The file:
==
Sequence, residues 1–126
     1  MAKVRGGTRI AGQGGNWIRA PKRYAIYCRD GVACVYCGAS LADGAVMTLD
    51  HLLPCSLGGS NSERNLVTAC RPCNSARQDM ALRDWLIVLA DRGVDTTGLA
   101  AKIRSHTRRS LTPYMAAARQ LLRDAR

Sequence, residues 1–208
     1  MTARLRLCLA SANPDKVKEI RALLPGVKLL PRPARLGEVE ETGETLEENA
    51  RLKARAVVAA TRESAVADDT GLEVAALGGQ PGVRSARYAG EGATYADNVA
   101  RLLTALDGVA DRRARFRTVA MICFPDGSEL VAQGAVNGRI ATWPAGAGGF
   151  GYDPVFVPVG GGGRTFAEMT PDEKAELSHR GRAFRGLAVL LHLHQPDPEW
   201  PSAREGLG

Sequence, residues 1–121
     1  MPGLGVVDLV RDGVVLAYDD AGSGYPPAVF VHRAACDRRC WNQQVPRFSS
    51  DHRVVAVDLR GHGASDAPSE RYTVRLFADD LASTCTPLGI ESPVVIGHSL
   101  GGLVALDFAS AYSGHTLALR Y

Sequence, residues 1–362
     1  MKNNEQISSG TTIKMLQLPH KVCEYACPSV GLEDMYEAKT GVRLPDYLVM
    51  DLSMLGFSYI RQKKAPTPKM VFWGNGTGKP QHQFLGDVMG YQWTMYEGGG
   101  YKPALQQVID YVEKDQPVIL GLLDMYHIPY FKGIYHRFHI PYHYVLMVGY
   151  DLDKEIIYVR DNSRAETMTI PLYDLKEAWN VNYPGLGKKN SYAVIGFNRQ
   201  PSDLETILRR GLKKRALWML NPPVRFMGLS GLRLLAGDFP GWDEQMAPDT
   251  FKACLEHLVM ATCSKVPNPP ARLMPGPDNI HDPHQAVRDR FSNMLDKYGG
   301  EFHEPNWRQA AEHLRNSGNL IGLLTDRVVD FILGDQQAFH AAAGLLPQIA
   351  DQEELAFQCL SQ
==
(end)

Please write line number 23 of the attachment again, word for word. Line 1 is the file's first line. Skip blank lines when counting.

   351  DQEELAFQCL SQ